Walgreens Medication Error Verdict of $33M Upheld on Appeal
A $33.3 million verdict awarded in a wrongful death lawsuit against Walgreens pharmacy over a medication error has been upheld on appeal by a Florida court.
The pharmacy malpractice lawsuit was filed by the family of Beth Hippely, who died in January 2007. According to a report in The Ledger, Hippely’s family sued Walgreens, alleging that a teenaged pharmacy technician accidentally gave her a blood thinner dosage that was ten times more powerful than she had been prescribed.
The drug, Warfarin, had been prescribed to Hippely since 2002 as part of her breast cancer treatment. The pharmacy error caused her to suffer a cerebral hemorrhage and paralysis before her death.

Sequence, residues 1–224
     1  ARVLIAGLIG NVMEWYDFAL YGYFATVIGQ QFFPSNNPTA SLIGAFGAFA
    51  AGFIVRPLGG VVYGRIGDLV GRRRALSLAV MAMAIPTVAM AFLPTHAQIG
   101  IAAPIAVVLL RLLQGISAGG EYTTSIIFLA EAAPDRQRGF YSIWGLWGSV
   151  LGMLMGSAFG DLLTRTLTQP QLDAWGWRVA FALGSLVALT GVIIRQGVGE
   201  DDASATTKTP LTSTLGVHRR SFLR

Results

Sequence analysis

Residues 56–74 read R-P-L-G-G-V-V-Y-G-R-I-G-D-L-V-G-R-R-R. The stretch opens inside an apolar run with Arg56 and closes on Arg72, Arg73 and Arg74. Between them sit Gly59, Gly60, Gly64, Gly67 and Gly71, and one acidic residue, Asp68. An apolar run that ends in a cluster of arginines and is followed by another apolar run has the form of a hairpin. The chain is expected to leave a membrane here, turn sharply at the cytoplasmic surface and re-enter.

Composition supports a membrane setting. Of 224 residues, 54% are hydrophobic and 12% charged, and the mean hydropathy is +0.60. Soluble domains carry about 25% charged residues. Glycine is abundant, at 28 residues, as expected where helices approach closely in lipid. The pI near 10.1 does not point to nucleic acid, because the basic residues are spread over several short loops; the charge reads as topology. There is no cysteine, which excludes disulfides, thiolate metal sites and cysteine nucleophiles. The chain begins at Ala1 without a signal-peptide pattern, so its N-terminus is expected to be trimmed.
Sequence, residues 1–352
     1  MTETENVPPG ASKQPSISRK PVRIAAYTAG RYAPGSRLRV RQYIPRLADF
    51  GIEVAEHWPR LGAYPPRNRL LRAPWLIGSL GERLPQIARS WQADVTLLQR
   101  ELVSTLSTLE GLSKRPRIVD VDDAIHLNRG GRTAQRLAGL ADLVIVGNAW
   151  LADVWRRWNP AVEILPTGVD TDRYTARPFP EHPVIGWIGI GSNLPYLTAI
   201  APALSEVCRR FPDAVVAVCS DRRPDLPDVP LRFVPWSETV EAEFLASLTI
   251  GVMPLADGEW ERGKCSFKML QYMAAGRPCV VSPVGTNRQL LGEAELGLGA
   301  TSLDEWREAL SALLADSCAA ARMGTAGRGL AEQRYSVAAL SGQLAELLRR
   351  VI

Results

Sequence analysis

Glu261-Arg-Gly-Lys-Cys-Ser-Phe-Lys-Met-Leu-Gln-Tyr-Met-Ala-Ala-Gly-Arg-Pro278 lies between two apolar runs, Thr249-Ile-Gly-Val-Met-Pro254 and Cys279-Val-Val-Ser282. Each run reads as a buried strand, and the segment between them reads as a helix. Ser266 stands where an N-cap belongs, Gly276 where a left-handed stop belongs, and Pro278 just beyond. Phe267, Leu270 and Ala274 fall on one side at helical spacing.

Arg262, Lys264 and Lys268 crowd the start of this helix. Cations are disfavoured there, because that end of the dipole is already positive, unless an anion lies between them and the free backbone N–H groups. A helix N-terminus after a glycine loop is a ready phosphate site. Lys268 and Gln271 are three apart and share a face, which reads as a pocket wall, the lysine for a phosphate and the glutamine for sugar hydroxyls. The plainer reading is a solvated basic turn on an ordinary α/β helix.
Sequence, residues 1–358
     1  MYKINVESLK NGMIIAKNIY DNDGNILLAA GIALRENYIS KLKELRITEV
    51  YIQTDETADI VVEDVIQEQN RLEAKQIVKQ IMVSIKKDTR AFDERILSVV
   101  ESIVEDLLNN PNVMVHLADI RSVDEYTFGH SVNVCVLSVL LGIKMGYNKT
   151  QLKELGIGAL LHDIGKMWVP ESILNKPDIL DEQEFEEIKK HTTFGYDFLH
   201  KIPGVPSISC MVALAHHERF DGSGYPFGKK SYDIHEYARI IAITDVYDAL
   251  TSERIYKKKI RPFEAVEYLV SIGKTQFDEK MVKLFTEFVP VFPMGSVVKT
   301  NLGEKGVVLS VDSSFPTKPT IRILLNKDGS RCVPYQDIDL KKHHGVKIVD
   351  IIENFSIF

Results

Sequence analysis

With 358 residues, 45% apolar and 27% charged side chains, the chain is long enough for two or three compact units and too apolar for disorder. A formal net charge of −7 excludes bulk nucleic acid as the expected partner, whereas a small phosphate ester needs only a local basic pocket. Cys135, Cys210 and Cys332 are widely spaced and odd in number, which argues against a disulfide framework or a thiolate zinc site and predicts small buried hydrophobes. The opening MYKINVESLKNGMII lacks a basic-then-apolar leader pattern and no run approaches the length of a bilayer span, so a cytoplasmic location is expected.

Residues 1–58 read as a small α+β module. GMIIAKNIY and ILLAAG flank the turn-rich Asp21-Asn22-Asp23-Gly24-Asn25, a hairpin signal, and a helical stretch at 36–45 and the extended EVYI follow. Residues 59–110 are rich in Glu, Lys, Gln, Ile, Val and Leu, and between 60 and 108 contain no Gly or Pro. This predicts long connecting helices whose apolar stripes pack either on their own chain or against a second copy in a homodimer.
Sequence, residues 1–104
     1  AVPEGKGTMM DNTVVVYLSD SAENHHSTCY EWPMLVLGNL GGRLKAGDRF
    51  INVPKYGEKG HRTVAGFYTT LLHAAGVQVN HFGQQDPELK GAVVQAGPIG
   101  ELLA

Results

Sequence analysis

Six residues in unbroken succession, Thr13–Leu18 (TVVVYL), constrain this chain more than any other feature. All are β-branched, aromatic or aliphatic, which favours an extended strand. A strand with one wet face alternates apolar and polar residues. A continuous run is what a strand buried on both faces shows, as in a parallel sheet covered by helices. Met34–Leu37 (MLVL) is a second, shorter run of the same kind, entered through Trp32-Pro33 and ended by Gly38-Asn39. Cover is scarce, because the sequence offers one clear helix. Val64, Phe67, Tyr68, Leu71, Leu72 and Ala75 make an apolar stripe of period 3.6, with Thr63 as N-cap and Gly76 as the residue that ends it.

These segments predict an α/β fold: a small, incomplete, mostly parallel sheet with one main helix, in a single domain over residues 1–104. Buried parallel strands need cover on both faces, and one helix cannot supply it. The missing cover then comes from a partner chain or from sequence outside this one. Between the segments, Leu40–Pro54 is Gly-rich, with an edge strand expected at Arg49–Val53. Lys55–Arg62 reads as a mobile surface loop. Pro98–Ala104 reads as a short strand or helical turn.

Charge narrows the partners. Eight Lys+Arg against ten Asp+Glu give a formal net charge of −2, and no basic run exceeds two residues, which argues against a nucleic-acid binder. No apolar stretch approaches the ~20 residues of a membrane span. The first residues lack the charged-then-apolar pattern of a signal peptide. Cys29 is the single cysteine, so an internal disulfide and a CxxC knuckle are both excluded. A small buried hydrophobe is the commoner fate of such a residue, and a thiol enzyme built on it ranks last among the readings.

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A Florida jury ruled in the family’s favor at trial for the wrongful death lawsuit in August 2007, awarding the $33.3 million, but Walgreen’s appealed the verdict. Last month, the 2nd District Court of Appeals in Lakeland, Florida affirmed the lower court’s decision and upheld the verdict and the award.
According to a 2006 report by the National Academies of Science’s Institute of Medicine, there are about 1.5 million medication errors every year which result in injuries. These mistakes are largely preventable and could be caused by a doctor prescribing the medication incorrectly, the pharmacy filling the wrong dosage or by nurses dispensing a different patient’s drugs.
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